We all know that medical emergencies occur without any provocation or warning. But I never thought one would happen on a bright sunny Sunday afternoon at a social gathering…
An older guest who is a stroke survivor was attending this social gathering and began making a loud noise while engaging in a conversation. Most of those present just assumed that this person was having a particularly boisterous verbal response. However one person – who happens to be a nurse – quickly walked over to the older guest and determined that her airway was occluded. The loud noise actually was a bark being made in an attempt to cough and clear the airway.
Within seconds the nurse performed the Heimlich maneuver and quickly pivoted the victim to sit on a nearby chair. Another guest who is oxygen dependent gave the nurse a spare nasal cannula who applied it to the victim. By this time an ambulance was en route and arrived in 2 minutes. Oxygen was made available to the victim and the other guest was able to resume oxygenation without harm.
Throughout all of this drama – which lasted no more than 5 minutes – two other guests were standing off to the side observing. These guests are physicians. Yes, we were all pleased that the victim was cared for and the situation had a good outcome but why were the physicians “letting” the nurse handle the issue?
This is not the first time that I’ve been in attendance at an event where a medical emergency has occurred and there are physicians available to intervene. I’ve also overheard physicians say that “it appears that everything is being handled” and just walk away. This behavior annoys me.
I understand the need to protect a license and the fear of being sued for inappropriate care but consciously not helping another person or even offering to help when the education and experience is well documented is just unacceptable to me.
Like most nurses, I personally know a fair amount of physicians. I’ve worked with many of them as well as having used their services. The one behavior that I’ve observed on more than one occasion is when someone asks the physician a question the response begins with “is this one of my patients?” If not, the response may continue with something like “well tell them to make an appointment” or “tell them to go to the emergency room.” Medical advice is not readily provided.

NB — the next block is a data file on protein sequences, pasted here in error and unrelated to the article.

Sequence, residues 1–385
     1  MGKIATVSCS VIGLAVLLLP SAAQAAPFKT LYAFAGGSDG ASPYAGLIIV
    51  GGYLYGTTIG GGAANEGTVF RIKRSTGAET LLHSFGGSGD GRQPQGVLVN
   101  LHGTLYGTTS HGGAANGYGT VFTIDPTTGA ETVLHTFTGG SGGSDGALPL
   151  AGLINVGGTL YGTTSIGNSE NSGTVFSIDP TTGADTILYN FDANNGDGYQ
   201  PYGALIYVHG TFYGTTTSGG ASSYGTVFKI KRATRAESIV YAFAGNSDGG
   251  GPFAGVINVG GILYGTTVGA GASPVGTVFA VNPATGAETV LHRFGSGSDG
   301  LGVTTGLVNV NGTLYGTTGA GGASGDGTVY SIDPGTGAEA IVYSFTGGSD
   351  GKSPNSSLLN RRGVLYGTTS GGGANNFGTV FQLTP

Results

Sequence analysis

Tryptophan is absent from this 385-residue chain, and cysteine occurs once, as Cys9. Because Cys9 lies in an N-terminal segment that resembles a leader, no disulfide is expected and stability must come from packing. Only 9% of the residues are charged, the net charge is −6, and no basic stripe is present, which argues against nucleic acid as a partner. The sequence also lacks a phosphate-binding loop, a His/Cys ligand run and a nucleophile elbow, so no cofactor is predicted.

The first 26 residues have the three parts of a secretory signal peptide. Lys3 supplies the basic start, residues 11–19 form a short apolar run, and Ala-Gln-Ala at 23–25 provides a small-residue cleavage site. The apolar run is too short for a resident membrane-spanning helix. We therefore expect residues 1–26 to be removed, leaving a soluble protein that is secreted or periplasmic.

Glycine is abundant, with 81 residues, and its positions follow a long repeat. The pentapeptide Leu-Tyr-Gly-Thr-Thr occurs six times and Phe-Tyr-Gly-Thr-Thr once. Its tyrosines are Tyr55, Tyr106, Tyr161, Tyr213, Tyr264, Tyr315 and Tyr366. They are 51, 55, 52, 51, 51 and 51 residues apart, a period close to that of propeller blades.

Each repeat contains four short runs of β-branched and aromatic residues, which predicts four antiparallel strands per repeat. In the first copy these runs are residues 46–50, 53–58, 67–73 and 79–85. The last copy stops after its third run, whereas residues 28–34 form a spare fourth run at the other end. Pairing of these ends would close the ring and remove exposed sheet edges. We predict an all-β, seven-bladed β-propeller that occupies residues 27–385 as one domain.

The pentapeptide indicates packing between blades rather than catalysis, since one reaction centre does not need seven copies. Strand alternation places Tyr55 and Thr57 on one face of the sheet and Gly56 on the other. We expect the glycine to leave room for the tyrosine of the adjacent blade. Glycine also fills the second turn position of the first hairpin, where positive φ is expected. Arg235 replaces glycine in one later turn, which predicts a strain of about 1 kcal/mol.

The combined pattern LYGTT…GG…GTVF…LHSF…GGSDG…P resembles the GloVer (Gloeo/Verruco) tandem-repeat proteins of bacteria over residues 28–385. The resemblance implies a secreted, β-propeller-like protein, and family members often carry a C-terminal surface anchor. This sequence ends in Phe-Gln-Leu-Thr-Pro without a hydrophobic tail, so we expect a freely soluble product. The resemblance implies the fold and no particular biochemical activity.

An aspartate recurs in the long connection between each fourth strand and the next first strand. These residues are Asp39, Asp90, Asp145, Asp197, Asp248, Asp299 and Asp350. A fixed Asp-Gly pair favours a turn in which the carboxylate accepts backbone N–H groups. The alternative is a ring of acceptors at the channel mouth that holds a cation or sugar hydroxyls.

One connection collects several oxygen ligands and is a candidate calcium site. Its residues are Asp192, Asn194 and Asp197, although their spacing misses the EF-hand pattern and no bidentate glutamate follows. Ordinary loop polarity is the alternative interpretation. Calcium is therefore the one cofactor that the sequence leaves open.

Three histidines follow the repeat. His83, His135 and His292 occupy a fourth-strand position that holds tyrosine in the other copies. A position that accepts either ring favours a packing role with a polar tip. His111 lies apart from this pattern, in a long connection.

On the other hand, nurses are usually the first to jump to the aid of someone in distress. I’ve done it and I’ve seen other nurses do it too. Why do we do this?
I believe it is because of our education – and the role we play in health care. Nurses do not ask for proof of health insurance or name and location of a pharmacy prior to providing care. Nurses do not collect co-pays after providing medication or treatments. And nurses do not have to obtain authorization from a health insurance company before assisting another person in need.
As I reflect on the situations where a physician could have assisted with an emergency situation but didn’t I silently thank all of the brave men and women who chose to become nurses. Although many believe that the health care industry would collapse without an adequate number of physicians I feel that they are wrong.
Nurses are the backbone of the industry. Nurses step up to the plate, without thoughts of personal harm, and help those unable to help themselves. Nurses don’t stop to think what impact the action might have on personal finances or paper work. Nurses just do, what they do best – care for other people.
So as the situation was coming to a close during the social gathering I overheard the emergency medical personnel and the rescuing nurse encourage the older guest to “be sure to see your doctor as soon as possible.” I thought it was funny that throughout all of this drama medical support personnel and the nurse supported the role of the physician in health care. Too bad physicians do not always offer the same support to us.
Until next week…